That tight end depth may have played a part in Takacs’ commitment. Notre Dame’s offense is expected to feature tight ends, often in two tight end sets, under the direction of offensive coordinator Chip Long. Those theories obviously necessitate both quality and quantity at the position in order to become realities.

“Coach Long is a big tight end guy, so talking to him about the offense has been fun,” Takacs told Blue & Gold Illustrated. “The fact that he’s the offensive coordinator and the tight ends coach really excites me.”

The 6-foot-6, 235-pound Takacs chose Long and the Irish over the likes of Wisconsin, Florida and Georgia.

LENZY TO OREGON
In switching his commitment to his homestate Ducks, Lenzy left the Notre Dame class of 2018 with only one receiver currently, rivals.com four-star Micah Jones (Warren Township H.S.; Gurnee, Ill.).

Taking Lenzy’s track intentions at face value, and he has certainly shown the speed for a possible future in the pursuit, Oregon makes sense as a landing spot. Eugene, Ore., is known as TrackTown, U.S.A., for a reason.

In many respects, Wednesday may be the epitome of the recruiting aspects Irish coach Brian Kelly referenced on National Signing Day (Feb. 1) when discussing the pros and cons of an early signing day this December.

“Our mindset is we’re going into it business as usual,” Kelly said. “We’re all going to have to fight until February.”

RELATED READING: Four-star WR Micah Jones chooses Irish

Notre Dame 99-to-2: No. 57 Trevor Ruhland, offensive lineman

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Listed Measurements: 6-foot-3 ½, 303 pounds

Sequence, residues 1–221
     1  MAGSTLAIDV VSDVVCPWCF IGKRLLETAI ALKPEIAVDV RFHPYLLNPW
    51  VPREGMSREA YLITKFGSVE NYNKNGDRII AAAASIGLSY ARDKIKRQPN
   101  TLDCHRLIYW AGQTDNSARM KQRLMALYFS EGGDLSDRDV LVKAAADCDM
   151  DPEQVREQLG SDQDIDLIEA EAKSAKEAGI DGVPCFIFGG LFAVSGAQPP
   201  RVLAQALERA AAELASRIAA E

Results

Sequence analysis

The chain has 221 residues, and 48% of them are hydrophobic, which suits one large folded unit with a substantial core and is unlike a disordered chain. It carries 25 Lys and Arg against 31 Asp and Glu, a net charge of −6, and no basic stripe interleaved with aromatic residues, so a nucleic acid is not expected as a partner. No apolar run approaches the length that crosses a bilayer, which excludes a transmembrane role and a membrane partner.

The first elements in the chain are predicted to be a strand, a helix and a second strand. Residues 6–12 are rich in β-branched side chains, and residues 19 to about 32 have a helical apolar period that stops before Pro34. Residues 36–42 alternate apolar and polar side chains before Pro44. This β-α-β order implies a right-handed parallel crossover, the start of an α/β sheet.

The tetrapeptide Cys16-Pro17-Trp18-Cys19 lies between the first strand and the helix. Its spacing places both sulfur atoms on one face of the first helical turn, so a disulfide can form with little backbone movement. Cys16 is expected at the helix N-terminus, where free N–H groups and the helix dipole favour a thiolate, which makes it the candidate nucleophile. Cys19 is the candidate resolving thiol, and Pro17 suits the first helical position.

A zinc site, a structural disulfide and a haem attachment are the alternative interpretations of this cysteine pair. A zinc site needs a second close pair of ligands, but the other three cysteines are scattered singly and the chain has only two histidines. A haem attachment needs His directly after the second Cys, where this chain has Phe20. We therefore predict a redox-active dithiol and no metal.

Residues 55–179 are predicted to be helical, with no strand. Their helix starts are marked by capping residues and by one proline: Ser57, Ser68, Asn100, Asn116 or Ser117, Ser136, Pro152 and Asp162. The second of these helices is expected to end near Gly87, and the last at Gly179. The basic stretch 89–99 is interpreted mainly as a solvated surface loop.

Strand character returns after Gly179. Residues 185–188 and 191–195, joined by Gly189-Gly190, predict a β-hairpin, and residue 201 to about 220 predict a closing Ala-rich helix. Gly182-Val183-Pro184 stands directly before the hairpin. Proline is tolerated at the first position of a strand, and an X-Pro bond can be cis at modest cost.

2017-18 year, eligibility: Junior with three years of eligibility remaining including 2017
Depth chart: Ruhland provides a crucial piece of depth along the interior of the offensive line. Along with fifth-year senior Hunter Bivin, Ruhland could spell either guard.
Recruiting: A rivals.com three-star prospect, Ruhland shut down his recruitment 10 months before National Signing Day even though he had interest from Big Ten schools such as Wisconsin, Nebraska and Minnesota. Rivals rated Ruhland as the No. 6 player in Illinois in 2015 and the No. 30 in the country at his position.

CAREER TO DATE
Ruhland preserved a year of eligibility in 2015 and saw action in nine games last season.

2015 NATIONAL SIGNING DAY HIGHLIGHT REEL

WHAT KEITH ARNOLD PROJECTED A YEAR AGO
With John Montelus back on the offensive line and shifting outside to right tackle in fall camp, Ruhland will be among the depth battling to get into the two-deep at guard. What looks like a three-man race at right guard likely means Colin McGovern could slide over to the left side behind Nelson, keeping Ruhland as a third-stringer, nothing to be upset about at this point.

“There are opportunities coming — especially with Nelson capable of heading to the NFL after this season and other pieces coming and going. So I’m capping my expectations for Ruhland’s 2016 at a few mop-up time snaps, and maybe securing some special teams work.”

2017 OUTLOOK